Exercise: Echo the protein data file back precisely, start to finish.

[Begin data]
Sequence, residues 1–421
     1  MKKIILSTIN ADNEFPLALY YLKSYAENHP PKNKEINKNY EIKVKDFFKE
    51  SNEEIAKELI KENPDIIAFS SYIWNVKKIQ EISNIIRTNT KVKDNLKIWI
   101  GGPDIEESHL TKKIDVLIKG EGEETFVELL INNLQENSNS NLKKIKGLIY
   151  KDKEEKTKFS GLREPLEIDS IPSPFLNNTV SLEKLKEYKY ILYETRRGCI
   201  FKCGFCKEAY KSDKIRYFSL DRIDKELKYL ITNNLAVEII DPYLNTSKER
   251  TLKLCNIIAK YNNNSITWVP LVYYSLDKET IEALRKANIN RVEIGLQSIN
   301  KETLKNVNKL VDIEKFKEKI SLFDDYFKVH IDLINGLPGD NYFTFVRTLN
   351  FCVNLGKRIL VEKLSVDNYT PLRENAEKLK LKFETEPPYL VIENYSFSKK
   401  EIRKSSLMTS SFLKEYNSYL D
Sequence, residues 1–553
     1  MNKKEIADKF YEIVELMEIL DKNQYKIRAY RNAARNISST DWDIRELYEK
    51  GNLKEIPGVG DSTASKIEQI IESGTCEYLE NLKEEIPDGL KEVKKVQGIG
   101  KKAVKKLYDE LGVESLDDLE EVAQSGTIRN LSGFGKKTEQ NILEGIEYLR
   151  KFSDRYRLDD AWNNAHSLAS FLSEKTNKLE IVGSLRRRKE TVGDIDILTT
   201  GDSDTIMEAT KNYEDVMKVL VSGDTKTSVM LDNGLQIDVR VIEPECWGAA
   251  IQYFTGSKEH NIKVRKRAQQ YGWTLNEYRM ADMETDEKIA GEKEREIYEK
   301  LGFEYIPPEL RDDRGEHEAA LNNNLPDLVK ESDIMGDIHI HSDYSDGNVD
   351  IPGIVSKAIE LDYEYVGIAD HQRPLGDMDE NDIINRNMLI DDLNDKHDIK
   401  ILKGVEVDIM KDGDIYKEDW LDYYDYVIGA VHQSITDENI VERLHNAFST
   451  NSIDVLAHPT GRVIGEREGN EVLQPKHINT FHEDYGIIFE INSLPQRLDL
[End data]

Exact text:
Sequence, residues 1–421
     1  MKKIILSTIN ADNEFPLALY YLKSYAENHP PKNKEINKNY EIKVKDFFKE
    51  SNEEIAKELI KENPDIIAFS SYIWNVKKIQ EISNIIRTNT KVKDNLKIWI
   101  GGPDIEESHL TKKIDVLIKG EGEETFVELL INNLQENSNS NLKKIKGLIY
   151  KDKEEKTKFS GLREPLEIDS IPSPFLNNTV SLEKLKEYKY ILYETRRGCI
   201  FKCGFCKEAY KSDKIRYFSL DRIDKELKYL ITNNLAVEII DPYLNTSKER
   251  TLKLCNIIAK YNNNSITWVP LVYYSLDKET IEALRKANIN RVEIGLQSIN
   301  KETLKNVNKL VDIEKFKEKI SLFDDYFKVH IDLINGLPGD NYFTFVRTLN
   351  FCVNLGKRIL VEKLSVDNYT PLRENAEKLK LKFETEPPYL VIENYSFSKK
   401  EIRKSSLMTS SFLKEYNSYL D
Sequence, residues 1–553
     1  MNKKEIADKF YEIVELMEIL DKNQYKIRAY RNAARNISST DWDIRELYEK
    51  GNLKEIPGVG DSTASKIEQI IESGTCEYLE NLKEEIPDGL KEVKKVQGIG
   101  KKAVKKLYDE LGVESLDDLE EVAQSGTIRN LSGFGKKTEQ NILEGIEYLR
   151  KFSDRYRLDD AWNNAHSLAS FLSEKTNKLE IVGSLRRRKE TVGDIDILTT
   201  GDSDTIMEAT KNYEDVMKVL VSGDTKTSVM LDNGLQIDVR VIEPECWGAA
   251  IQYFTGSKEH NIKVRKRAQQ YGWTLNEYRM ADMETDEKIA GEKEREIYEK
   301  LGFEYIPPEL RDDRGEHEAA LNNNLPDLVK ESDIMGDIHI HSDYSDGNVD
   351  IPGIVSKAIE LDYEYVGIAD HQRPLGDMDE NDIINRNMLI DDLNDKHDIK
   401  ILKGVEVDIM KDGDIYKEDW LDYYDYVIGA VHQSITDENI VERLHNAFST
   451  NSIDVLAHPT GRVIGEREGN EVLQPKHINT FHEDYGIIFE INSLPQRLDL